Goa's women cricketers to get Israeli martial arts boost
The Goa Cricket Association (GCA) has contacted an Israeli martial arts school to develop self-defence workshops for its women's Under-19 and Under-21 teams to boost the players' mental and physical fitness and develop a winning instinct.
The GCA will seek to benefit from the Israeli martial art technique, named Krav Maga. It is a self-defence technique pioneered first by the Israeli armed forces, but over the years it has found followers across the globe.
The martial art is a combination of various forms of fighting like boxing, aikido, judo, wrestling and is considered as one of the better fighting arts, especially when it comes to real-world combat scenarios.
Elroy Vaz, an expert of the technique of the Krav Maga Global (KMG) who has been roped in by the GCA, said the martial art would help make the women players mentally tougher and react better to tough situations in the game.
"Our brief is to instill a spirit of aggression into the players in the Under-19 and Under-21 age groups. We will be conducting workshops where their mental and physical techniques would be developed with the help of Krav Maga," Vaz told IANS on Wednesday.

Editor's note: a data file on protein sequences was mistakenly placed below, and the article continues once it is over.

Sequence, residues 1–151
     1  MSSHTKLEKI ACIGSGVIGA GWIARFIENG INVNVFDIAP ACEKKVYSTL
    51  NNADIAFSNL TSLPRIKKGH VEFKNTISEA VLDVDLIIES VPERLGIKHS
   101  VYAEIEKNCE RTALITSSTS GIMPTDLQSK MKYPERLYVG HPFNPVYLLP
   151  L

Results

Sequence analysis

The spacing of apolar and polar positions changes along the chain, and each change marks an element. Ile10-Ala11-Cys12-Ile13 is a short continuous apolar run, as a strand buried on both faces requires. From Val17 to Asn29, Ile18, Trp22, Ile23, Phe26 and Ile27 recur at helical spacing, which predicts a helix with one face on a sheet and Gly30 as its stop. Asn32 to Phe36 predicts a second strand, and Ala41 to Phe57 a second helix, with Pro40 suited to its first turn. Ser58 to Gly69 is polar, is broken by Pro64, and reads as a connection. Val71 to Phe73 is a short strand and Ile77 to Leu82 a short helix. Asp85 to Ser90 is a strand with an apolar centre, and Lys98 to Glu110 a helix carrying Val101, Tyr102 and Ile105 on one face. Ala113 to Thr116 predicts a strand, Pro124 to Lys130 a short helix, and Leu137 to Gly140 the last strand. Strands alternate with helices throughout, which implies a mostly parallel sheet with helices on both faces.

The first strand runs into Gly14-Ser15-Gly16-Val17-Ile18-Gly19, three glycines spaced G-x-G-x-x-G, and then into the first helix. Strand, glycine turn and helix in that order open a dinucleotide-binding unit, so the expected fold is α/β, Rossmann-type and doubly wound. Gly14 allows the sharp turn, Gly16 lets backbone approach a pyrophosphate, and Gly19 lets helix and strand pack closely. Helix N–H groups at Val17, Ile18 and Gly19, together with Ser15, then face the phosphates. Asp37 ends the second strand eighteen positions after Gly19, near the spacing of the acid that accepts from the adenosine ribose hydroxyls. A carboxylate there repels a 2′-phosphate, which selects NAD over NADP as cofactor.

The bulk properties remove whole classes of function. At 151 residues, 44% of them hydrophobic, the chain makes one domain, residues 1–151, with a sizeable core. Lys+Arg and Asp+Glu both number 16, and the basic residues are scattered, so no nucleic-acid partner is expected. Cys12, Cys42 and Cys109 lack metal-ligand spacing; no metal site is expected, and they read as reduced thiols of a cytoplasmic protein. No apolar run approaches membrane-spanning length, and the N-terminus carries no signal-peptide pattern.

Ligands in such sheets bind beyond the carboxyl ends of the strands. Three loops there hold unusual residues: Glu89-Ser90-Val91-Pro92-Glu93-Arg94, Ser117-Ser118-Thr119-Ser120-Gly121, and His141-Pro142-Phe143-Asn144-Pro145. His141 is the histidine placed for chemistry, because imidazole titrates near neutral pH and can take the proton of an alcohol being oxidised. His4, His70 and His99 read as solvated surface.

Vaz says he has already devised several on-field scenarios for women batsmen and bowlers, in which, infusion of Krav Maga techniques would help them respond better.
"Mental toughness and qualitative reactions are essential when say a batsman is being hounded by a fast bowler with bouncers. With Krav Maga techniques, we not only can help the batsmen react better physically, but also help them to develop a winning edge in their thought processes," Vaz said.
The KMG is one of the foremost exponents of the martial art globally. It has been used to train the elite Indian Navy's marine commandos or MARCOS, best remembered for their anti-terror operation following the 2008 Mumbai terror attacks.
According to GCA president Chetan Desai, the decision to enlist Krav Maga experts was taken to ensure that women cricketers benefit from it professionally as well as for self-defence.
"It helps to be prepared. We are hoping that it will help develop a winning instinct in the team," Desai said.